In the event of termination for economic reasons, the landlord must adhere to the statutory periods.

Termination periods

In principle, the landlord must give notice of termination in accordance with the statutory periods of notice. These depend on the duration of the tenancy:

  • up to 5 years contract duration: 3 months,
  • 5 to under 8 years contract duration: 6 months
  • after 8 years contract period: 9 months.

In order to meet the deadline, the notice of termination must be received by the 3rd working day of the month of the tenant. If the 3rd working day is a Saturday, it will be postponed to the next working day. Failure to comply with the period of receipt will result in the tenancy not being terminated until one month later.

The landlord's notice of termination is received by the tenant in due time on January 3, 2020. The lease is terminated on 31 March, 30 June or 30 September 2020, depending on the lease term. However, if the notice of termination is received late, i.e. on 7 January 2020, the lease will not be terminated until 30 April, 31 July or 31 October 2020, depending on the lease term.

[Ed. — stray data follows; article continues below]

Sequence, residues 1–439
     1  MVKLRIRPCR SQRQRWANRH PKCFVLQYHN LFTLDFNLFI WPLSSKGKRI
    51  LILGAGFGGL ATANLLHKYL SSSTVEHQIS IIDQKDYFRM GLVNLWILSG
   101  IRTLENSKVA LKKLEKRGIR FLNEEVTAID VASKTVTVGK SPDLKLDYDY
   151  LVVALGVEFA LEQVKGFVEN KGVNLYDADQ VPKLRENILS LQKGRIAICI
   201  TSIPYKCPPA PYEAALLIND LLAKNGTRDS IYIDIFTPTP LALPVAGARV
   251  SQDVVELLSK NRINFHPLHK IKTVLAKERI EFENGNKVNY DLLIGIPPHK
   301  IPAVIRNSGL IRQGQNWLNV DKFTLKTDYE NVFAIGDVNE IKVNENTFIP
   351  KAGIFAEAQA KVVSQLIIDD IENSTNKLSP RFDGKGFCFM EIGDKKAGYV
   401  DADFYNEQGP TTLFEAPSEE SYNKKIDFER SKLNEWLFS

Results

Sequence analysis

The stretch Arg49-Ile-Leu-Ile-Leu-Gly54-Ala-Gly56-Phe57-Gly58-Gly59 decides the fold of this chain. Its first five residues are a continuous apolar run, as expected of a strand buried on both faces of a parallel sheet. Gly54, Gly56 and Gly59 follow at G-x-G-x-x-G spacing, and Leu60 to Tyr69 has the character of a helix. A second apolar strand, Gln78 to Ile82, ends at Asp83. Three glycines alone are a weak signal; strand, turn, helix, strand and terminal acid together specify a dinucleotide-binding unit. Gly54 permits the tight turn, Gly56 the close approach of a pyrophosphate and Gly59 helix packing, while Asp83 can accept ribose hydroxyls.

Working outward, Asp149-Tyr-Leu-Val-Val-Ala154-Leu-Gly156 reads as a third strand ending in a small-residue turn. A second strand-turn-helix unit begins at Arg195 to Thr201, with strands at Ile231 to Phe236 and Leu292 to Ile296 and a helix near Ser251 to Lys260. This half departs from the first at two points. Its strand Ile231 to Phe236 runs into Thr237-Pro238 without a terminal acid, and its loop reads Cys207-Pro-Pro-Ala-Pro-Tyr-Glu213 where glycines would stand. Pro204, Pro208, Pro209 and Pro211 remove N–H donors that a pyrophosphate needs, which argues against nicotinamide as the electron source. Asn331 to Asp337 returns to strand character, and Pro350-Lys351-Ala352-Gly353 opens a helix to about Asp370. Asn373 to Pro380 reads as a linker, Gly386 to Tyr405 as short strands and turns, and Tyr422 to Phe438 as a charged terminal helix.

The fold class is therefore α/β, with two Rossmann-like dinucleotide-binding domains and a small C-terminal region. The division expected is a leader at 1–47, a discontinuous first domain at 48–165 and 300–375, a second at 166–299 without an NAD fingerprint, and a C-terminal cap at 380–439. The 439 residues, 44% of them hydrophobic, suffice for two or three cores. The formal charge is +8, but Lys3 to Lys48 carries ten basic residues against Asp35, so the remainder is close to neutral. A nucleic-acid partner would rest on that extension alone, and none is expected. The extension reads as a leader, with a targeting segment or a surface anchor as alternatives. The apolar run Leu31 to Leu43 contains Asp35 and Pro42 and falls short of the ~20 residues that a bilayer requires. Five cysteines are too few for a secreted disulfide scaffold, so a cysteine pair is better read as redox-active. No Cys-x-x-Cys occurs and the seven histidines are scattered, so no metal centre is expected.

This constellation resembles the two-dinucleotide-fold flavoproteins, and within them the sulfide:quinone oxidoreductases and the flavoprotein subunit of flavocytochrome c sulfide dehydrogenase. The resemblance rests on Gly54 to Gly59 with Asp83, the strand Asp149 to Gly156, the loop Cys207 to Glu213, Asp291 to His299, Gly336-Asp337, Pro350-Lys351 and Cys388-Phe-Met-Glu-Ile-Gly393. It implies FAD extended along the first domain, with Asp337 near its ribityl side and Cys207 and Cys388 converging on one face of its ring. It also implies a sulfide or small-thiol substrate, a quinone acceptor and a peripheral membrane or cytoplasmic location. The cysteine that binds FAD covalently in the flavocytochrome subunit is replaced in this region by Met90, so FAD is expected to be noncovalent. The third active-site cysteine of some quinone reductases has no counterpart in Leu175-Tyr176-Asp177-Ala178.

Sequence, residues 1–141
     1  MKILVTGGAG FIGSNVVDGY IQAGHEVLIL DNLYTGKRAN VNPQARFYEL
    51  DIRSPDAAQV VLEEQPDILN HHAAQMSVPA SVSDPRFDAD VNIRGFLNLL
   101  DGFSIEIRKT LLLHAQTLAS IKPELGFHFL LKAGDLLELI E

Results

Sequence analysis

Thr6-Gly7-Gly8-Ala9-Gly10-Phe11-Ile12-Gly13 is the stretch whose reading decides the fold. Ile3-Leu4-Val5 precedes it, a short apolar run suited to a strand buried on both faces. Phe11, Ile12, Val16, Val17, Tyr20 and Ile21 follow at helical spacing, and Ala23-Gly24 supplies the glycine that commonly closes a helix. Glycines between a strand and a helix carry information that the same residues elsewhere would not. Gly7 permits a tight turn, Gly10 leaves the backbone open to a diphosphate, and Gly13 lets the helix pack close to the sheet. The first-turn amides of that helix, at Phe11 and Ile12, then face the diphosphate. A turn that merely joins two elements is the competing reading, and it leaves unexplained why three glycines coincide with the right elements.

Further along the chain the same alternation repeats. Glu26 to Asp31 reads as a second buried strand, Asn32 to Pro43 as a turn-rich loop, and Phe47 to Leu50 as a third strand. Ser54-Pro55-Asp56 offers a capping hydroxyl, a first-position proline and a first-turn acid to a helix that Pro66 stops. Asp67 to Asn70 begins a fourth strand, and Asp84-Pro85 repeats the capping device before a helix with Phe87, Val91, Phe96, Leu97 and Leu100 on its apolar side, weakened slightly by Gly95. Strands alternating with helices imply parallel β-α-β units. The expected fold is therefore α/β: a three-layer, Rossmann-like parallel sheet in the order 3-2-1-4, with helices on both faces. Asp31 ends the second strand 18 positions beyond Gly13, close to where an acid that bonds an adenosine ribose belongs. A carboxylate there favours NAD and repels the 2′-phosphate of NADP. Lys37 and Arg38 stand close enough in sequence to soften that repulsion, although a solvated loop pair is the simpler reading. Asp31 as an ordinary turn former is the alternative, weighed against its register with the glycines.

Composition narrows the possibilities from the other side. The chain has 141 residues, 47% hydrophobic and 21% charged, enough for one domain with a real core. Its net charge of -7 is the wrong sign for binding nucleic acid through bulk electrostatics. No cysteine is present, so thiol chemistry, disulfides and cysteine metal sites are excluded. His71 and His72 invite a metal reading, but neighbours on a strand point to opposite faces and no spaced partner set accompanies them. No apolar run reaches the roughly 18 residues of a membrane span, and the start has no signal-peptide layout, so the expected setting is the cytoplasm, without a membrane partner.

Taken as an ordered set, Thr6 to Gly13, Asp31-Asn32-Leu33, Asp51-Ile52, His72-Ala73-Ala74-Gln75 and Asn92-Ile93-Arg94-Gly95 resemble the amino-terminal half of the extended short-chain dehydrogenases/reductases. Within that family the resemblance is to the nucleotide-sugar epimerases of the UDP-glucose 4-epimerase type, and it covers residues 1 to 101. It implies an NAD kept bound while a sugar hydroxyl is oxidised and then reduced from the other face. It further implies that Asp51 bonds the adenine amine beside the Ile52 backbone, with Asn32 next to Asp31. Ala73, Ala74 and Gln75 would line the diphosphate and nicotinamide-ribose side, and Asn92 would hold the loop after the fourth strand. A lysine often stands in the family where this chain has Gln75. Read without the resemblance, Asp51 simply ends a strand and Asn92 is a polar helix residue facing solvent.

In the event of serious breaches of duty, the Landlord may also be justified in terminating the lease without notice.
In addition to justified reasons and compliance with the notice period, a termination must always meet further legal and formal criteria.

What you should do if your contract has been terminated

Since the justification for termination always depends on the circumstances, tenants should have their termination checked by experts. It often turns out that a notice is invalid. In this case, notice of termination can be rejected and the apartment can be kept. Even up to 3 years after the termination, when the tenant has already moved out, compensation can still be claimed. In this case, the landlord must reimburse, for example, removal costs and additional costs for a more expensive apartment. No matter if the tenant has already moved out or not, it is worthwhile for you to have his notice checked in any case!

With CONNY, you as a tenant can have your notice of termination checked by our contract lawyers free of charge and very easily from home. If there are good chances of success for a defence, you can instruct our partner lawyers to defend your termination or to claim damages. There is no risk for you, because you only pay if we are successful for you.